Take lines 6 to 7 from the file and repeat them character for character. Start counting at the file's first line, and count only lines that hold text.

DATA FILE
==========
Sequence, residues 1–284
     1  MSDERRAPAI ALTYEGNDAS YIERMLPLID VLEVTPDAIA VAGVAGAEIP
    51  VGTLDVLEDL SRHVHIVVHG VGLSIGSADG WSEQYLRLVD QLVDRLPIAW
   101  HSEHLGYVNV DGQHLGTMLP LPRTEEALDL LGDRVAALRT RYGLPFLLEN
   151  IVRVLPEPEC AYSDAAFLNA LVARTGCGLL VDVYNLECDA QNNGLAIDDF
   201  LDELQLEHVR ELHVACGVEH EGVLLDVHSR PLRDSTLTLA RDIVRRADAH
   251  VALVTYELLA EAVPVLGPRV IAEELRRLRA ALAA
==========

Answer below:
   201  LDELQLEHVR ELHVACGVEH EGVLLDVHSR PLRDSTLTLA RDIVRRADAH
   251  VALVTYELLA EAVPVLGPRV IAEELRRLRA ALAA